Awesome Trash for the Wardrobe Stash

I’d like to see Jennifer Aniston and her “Smartwater” go green on the red carpet in this. That way, she could look trashy in a positive way (and smarter, too!) In this age of new austerity, what fashionista wouldn’t kill for this fabulous trash-art necklace, crafted from PET bottles and fishing line by Turkish architect Gulnur Ozdaglar. (See more of her beautiful work here or at

From an article on,

With the help of an open flame, scissors, a knife and a soldering iron, she transforms soda bottles into brooches, necklaces, vases and even plastic “petal” chandeliers, which sell for $250. Her pieces were recently featured in a well-known Turkish design store, and she is now working to win the sponsorship of environmental organizations in her country.

“Recycling is not one of the bigger issues in Turkey, as we are dealing with unemployment, human rights and more, but I think it is everyone’s responsibility to live without harming the earth,” says Ozdaglar. “I, all of my friends, and all of my neighbors, did not put one single bottle to waste last year. I make something out of all of them.”

h2o mp3: Crazy Water – Was (Not Was)

This very catchy, funky bluesy track isn’t about plain water, but “crazy water” and the economic boom and bust it created during and after Prohibition in a small Texas town. In 2008 the cult-favorite band Was (Not Was) released its first album in 16 years, called “Boo!” (For more on their story including how they came up with that band name, read this article on or this first-person account from the Seattle Times.)

In a deserted town at the corner of Main and Third
there’s nothing moving, not a butterfly nor bird
used to be some action here,
big motel and movie stars
but its been like judgement day,
trains and planes and fancy cars
The Senator’s Son and the President’s Daughter,
all came to town for that Crazy Water.

It was the pride of northern Texas,
an oasis cool and clean
now its just a dusty truck stop,
an evaporated dream.
The Senator’s Son and the President’s Daughter,
all came to town for that Crazy Water.

Play the track


Download Crazy Water – Was (Not Was)
Low-fi 64 kbps mp3 file for sampling.
Like it? Support the people who make music. Buy this track at Amazon or iTunes.

Bonus enhanced experience: watch the music video!

Can you Spare a Square for Art?

If only I had the time to sit down, think and reflect, share my thoughts with others…wait, perhaps I “doo!”

Artinloo is a collaborative photo project where people express what’s on their minds while alone in the loo. Why the restroom? As the site explains,

Because it is one of the few places in the world where people are almost unproductive and really alone with themselves!

If you’re unwilling to stand for the sake of art, here are the guidelines for making a submission:

1. Once alone in the loo, express on a piece of toilet paper what you are thinking about at that moment. 2. Be as original/sensible/artistic/humoristic as possible when you personalize your piece of toilet paper. The goal is to break the taboo surrounding this room and to evoke emotion and create discussion. 3. Once finished, take a photo of your creation and email it at

Some inspiration to get you started:

The Visual Water Dictionary: Oasis

In our ongoing mission to educate and inform the general public on nuances in the world of water language, a new feature: the visual water dictionary, which will attempt to cut confusion on selected water words with easy visual references.

Today’s word: Oasis

1. a fertile tract in a desert where the water table approaches the surface.
Thirsty in Suburbia desirability grade: A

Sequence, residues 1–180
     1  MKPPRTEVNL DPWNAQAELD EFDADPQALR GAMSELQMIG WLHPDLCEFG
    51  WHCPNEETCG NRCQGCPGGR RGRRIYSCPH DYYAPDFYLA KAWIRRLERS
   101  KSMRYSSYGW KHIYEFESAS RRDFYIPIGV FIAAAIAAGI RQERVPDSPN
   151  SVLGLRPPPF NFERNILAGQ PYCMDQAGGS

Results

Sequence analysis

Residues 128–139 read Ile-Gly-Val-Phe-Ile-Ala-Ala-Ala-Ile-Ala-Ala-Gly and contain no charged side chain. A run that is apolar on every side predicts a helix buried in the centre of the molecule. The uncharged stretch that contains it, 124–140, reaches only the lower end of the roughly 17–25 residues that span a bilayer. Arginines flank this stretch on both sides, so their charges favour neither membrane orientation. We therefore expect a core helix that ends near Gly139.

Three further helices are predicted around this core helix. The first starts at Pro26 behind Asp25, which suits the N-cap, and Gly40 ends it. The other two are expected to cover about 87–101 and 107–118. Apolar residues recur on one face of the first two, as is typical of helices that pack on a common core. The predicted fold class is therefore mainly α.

This oasis looks like this:

Huacachina (Peru)

Huacachina (Peru)

2. A British rock band that occupies a big chunk of space on my iPod. No relevance to water.
Thirsty in Suburbia desirability grade: A-
This Oasis looks like this:

UK band Oasis

UK band Oasis

3. A Middle Eastern bottled water brand featuring a cute palm tree “i” in its logo.
Thirsty in Suburbia desirability grade: C- (Points gained for tap water scarcity in arid desert locations.)
This Oasis looks like this:

Oasis brand bottled water

Photos: huacachina from, oasis bottled water from johnallan199on Flickr.

Watch Your Time Drain Away

Where did the time go! It’s draining away, just like many of our fresh water sources and now you can visualize that maddening time leak with this online clock. Watch the seconds, minutes and hours drain away as you think about what you should be doing or meant to get done. Stressful, depressing and entertaining, all at the same time!

Spotted on The Presurfer, via Grow-A-Brain

Diners Declare Tap Water Charges Tough to Swallow

You’ve got to fight (bomp bomp) for your right (bomp bomp) to hyyyy-drate. With continued talk about emerging “water wars” we remember that the greatest battles start with a single shot. One blogger’s “shot” is brewing into a brouhaha that’s spreading across Singapore, and the opposition isn’t exactly waving the white flag.

“Doomsday” Jim, our sharp-eyed Southeast Asia trendspotter, tips us to this item from the

SINGAPORE, July 12 — A blogger in Singapore, upset that a restaurant would not serve her tap water which she needed to take her medication with, is urging diners to boycott such outlets.

Veron Ang — urged on by some netizens — went further and posted on her blog a list of 62 restaurants that she claimed do not serve free water. It provoked angry reactions from several of the eateries which said they do serve water without charge.

Ang said that in May, she dined at a restaurant in the west that refused to serve her water although she needed it for her medication. After she “Twittered” the incident, her friends urged her to create a list of similar eating places. She compiled an initial list from her own experience, as well as going to reviews on a food website, and asking friends on Facebook and Twitter.

After her list was posted on blog aggregating site, other contributions started flowing in. Her initial list, first posted last month, grew to 62 restaurants. It has been circulated by many Twitter users and websites.

As the list (posted here) of no-free-tappers grows in submissions, traffic and media attention, proprietors are responding–some angry, some dismissive, but all unappreciative of the exposure.

The marketing and sales manager for The Tapas Tree Group, Lyn Yip, said: “We find this list to be libellous, and will not hesitate to engage our lawyer if we are not removed from the list and the situation is not rectified immediately.

“We live in a time when the influence of web opinion cannot be ignored, so bloggers have to approach their entries with responsibility, especially when composing defamatory lists.

The managing director of Italian restaurant La Forketta, Gracie Vitale, said: “Our patrons are serious diners and come for our food, not to taste water. It’s the customer with a budget who insists on tap water.” She added that, outside Singapore, “nobody really asks for tap water”.